Now the relationship between what you see, as the audience of Close to the Literal, and the sounds that you hear are problematic; but that needn't be a problem in the colloquial sense.

To what extent he believed it or not is unclear, but the late Bob Cobbing, from whom Upton has learned a great deal, asserted that every sign had its own sound; and, by implication, that every perceivable mark was a sign. Therefore, he would endeavour to perform, for instance, the sound of overprinted text as a unique sign, not just saying the same word twice. At a functional level that would not have done anyway because sometimes one can no longer ascertain what the overlaid words are.

He took that further and used not just transformations of letter forms but also signs / marks which never had been letter forms.

Upton does not believe that particular marks have particular sounds innately associated with them. And he argued with Cobbing. But it did not stop them working together over an extensive collaboration, producing eventually twelve works, the largest, Domestic Ambient Noise, consisting of 300 parts.

Thus, our text is not a score as a conventional score is understood. It is not read that way although readings may often be consistent with each other without being identical. One improvises from the score and at different levels, rather as one zooms into and out of a computer based map; and that provides the opportunity to switch levels of detail - a curve at one level may be jagged at another – rapidly.

While others may use the texts to perform, that is not the primary intention. They are made to be viewed by all. Thus, questions of faithfulness in the face of indeterminacy do not actually arise. The artist does what he does. Sometimes it is more satisfactory than others.

Yet it is not self-expression. It arises from the text, which one approaches as selflessly as possible, and seriously.

The question of how it arises from the text remains open to debate.

It might be that every graphic text, if it is to be performed, has a notional "Make an utterance" attached to it, like a computer action script using onMouseover. What that utterance will be is conditioned by the text. That image therefore is a starting point and a catalyst.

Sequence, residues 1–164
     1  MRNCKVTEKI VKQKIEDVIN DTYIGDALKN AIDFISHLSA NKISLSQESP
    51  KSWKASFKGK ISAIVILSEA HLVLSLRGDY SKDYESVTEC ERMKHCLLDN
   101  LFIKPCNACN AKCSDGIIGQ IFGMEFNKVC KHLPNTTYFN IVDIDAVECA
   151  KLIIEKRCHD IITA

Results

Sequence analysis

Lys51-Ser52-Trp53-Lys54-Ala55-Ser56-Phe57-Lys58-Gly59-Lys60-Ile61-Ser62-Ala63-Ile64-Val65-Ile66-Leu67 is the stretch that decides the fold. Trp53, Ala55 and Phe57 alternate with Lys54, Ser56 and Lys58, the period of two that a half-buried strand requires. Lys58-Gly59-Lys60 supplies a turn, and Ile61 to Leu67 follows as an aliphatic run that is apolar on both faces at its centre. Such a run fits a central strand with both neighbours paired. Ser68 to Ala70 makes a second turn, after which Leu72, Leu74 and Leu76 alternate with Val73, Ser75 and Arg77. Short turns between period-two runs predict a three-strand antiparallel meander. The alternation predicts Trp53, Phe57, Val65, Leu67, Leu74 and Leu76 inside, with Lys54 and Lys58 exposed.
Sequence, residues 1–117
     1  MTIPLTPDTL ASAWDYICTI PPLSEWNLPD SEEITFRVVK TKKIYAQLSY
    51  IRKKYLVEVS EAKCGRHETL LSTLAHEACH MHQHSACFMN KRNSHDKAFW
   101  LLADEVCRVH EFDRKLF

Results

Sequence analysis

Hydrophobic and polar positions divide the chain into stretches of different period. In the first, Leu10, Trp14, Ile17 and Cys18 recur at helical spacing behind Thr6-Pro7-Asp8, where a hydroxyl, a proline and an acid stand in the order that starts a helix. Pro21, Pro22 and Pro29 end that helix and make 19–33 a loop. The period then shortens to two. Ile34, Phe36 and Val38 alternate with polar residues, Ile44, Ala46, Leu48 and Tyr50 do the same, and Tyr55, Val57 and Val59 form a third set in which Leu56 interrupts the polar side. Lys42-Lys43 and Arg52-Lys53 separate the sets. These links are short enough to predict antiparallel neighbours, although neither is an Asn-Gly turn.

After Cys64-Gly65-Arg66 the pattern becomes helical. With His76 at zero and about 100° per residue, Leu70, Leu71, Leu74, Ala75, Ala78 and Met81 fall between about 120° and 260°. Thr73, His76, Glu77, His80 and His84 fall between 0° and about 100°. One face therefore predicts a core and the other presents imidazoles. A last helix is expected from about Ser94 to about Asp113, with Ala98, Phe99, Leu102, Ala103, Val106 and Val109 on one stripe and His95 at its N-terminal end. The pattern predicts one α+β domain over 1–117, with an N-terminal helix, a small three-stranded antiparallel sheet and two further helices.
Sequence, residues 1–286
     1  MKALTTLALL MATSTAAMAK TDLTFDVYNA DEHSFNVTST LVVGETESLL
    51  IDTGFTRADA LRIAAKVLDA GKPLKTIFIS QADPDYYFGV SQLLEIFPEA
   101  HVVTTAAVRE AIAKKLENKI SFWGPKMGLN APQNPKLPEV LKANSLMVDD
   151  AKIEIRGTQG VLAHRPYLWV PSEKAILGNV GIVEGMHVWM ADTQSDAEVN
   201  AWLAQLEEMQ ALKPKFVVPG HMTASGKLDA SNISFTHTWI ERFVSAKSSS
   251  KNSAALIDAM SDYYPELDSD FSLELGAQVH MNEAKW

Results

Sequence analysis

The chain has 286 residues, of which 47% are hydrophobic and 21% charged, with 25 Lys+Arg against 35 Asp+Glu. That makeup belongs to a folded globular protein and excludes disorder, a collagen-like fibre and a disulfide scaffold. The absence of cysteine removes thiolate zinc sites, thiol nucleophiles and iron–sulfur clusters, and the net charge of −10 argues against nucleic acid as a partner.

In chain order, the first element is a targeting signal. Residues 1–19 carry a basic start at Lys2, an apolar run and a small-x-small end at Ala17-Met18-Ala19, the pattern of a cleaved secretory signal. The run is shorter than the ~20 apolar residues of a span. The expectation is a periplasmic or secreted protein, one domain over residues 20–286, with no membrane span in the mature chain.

In a collaborative performance such as ours, there will be a response to whatever is uttered; and that must be taken into account. Thus, the response becomes part of the text. It will be interwoven with the utterance, not entirely separable from it even for the utterer, so that the initial utterance itself will be part of the text, feeding back as its own input.

What is being performed then, the text, is no longer just the image on the paper or projected on to the screen. In the utterer / performer's mental space, the text is now extensive and expanding. The physical or projected text remains a starting point because one is constantly at a starting point, deciding what is to come next, but it is also changing with one; it remains catalytic; and it might be thought of as a limitation, but it never feels like that because there is so much to be done - at this point the matter of seriousness and relative selflessness may be seen to be relevant.

The showing of the visuals is not intended to be a way of allowing you to follow them as a score; and we are content for the relationship to be somewhat inexplicable.